Majority of independents oppose Trump reelection, undecided on 2020 Democrats: poll

A majority of independent voters say they will not vote for President TrumpDonald John TrumpSenate advances public lands bill in late-night vote Warren, Democrats urge Trump to back down from veto threat over changing Confederate-named bases Esper orders ‘After Action Review’ of National Guard’s role in protests MORE in 2020 but are undecided on which 2020 Democratic candidate to support, according to a new NPR–NewsHour–Marist poll released on Monday.

The poll found that only 33 percent of independents said they would definitely vote for the president in 2020, while 54 percent said they would definitely vote against him. 

Thirteen percent of independents said they were unsure if they would vote for the president. 

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But independents are yet to coalesce around a Democratic challenger: 84 percent of independents said they had not yet made up their mind on which 2020 Democratic presidential candidate they would support. 

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Only 15 percent said they knew who they would support. 

The poll also found 44 percent approve of President Trump, his highest approval rating since the poll has been conducted, while 52 percent disapprove of his job performance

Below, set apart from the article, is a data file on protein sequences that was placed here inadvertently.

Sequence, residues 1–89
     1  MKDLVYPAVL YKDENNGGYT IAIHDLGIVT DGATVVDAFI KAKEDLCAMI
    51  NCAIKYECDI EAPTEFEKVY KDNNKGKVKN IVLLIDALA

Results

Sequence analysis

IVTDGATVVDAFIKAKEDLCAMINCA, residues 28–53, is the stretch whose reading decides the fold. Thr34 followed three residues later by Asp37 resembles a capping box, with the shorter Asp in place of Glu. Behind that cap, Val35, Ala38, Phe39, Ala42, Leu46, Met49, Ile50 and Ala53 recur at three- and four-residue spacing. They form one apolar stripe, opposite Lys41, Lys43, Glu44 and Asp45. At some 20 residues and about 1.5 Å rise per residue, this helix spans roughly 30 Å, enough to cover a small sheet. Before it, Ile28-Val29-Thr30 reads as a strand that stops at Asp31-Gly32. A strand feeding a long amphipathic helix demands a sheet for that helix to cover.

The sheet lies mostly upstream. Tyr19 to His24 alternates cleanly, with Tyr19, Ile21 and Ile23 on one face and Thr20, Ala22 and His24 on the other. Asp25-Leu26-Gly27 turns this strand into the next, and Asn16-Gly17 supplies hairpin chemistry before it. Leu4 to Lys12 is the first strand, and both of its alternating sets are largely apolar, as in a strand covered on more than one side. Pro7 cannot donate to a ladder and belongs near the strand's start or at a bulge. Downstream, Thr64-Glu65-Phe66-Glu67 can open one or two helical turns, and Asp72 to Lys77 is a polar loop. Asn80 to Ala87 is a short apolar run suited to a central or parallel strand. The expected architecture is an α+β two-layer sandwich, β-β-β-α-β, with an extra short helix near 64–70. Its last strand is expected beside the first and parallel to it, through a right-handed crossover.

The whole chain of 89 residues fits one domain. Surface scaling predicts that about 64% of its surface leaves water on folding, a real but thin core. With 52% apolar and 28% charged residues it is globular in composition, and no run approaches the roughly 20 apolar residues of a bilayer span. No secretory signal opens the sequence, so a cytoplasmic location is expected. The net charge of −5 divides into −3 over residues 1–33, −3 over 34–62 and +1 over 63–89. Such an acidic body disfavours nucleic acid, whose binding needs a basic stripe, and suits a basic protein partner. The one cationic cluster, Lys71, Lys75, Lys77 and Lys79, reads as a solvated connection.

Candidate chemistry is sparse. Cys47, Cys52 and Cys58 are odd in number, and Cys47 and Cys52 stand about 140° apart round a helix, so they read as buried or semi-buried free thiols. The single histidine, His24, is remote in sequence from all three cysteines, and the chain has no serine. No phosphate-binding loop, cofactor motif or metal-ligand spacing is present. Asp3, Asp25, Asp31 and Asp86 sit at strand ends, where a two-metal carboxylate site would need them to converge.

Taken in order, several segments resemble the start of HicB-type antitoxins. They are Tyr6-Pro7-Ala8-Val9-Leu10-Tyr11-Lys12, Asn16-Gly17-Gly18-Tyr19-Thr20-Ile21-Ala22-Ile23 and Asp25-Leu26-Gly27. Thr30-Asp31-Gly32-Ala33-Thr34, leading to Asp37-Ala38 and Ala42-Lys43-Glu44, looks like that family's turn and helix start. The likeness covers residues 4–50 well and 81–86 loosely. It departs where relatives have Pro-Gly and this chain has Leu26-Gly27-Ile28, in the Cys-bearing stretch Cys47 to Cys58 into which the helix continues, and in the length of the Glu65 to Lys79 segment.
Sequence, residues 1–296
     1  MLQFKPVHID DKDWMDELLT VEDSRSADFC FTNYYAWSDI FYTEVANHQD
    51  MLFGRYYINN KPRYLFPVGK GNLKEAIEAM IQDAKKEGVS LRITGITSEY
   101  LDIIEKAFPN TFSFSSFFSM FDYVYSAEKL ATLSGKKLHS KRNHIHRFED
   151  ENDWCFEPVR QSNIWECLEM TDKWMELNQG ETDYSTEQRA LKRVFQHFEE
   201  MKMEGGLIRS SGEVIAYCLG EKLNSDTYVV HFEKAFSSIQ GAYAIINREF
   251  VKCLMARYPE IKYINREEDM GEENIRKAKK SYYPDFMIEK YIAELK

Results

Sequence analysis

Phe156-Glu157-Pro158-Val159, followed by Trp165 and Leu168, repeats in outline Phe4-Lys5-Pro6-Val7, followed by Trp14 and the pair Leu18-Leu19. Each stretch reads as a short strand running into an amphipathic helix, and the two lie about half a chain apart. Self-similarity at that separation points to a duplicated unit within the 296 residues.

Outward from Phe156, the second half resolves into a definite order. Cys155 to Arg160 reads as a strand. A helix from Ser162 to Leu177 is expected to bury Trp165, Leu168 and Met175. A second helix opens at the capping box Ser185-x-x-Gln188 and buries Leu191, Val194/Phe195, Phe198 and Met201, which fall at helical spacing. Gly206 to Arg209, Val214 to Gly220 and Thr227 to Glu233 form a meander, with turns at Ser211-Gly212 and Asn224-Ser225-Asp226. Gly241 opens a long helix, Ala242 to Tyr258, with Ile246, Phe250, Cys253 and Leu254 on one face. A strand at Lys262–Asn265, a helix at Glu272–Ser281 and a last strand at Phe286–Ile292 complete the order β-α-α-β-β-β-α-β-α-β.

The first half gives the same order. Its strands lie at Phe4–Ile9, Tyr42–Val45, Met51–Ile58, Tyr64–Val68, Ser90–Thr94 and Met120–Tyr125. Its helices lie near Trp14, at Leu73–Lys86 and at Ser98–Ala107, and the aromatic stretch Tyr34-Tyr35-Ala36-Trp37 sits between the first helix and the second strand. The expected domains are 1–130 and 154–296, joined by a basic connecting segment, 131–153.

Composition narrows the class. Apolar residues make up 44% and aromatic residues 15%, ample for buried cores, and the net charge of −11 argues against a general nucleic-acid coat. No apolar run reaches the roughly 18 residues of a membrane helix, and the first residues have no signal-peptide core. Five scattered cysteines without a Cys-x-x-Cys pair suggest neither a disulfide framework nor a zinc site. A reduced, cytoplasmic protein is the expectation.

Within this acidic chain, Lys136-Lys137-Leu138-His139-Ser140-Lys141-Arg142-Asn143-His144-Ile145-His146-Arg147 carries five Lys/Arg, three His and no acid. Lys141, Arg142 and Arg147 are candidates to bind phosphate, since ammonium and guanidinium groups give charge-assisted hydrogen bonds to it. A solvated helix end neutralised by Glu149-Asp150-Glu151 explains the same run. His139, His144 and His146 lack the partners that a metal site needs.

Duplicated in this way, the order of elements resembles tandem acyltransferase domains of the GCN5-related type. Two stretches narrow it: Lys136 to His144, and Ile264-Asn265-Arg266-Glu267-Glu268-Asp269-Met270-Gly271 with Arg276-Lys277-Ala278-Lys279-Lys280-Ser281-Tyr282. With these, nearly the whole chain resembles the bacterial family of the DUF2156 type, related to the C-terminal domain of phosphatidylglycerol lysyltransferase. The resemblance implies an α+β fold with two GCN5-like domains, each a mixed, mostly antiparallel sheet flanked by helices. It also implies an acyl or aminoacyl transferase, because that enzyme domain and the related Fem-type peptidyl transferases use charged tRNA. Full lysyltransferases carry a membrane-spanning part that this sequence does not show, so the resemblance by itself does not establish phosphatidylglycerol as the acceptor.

The poll was conducted one day after Trump tweeted that progressive Reps. Alexandria Ocasio-CortezAlexandria Ocasio-CortezAttorney says 75-year-old man shoved by Buffalo police suffered brain injury How language is bringing down Donald Trump Highest-circulation Kentucky newspaper endorses Charles Booker in Senate race MORE (D-N.Y.), Rashida TlaibRashida Harbi TlaibHow language is bringing down Donald Trump Defunding the police: Put it to a vote McEnany, Ocasio-Cortez tangle over ‘Biden adviser’ label MORE (D-Mich.), Ilhan OmarIlhan OmarHow language is bringing down Donald Trump Biden, Democrats seek to shut down calls to defund police McEnany, Ocasio-Cortez tangle over ‘Biden adviser’ label MORE (D-Minn.) and Ayanna PressleyAyanna PressleyHow language is bringing down Donald Trump Over 1,400 pro athletes, coaches call on Congress to back bill ending qualified immunity Biden’s right, we need policing reform now – the House should quickly take up his call to action MORE (D-Mass.) should “go back” to “the totally broken and crime infested places from which they came.”

The tweet sparked outcry from Democrats, including presidential candidates, and concern among Republicans, who have since expressed worry about the impact of Trump’s tweets and the subsequent “send her back” chant about Omar days later at a Trump rally. 

While a number of Republicans may be worried about the impact of Trump’s tweets among independents, the survey does not necessarily bode well for Democratic presidential hopefuls, who are still making their cases to voters in the months before the primary contests next year.

The NPR–News Hour–Marist poll was conducted from July 15 to 17 among 1,346 adults. The margin of error is plus or minus 3.5 percentage points. 

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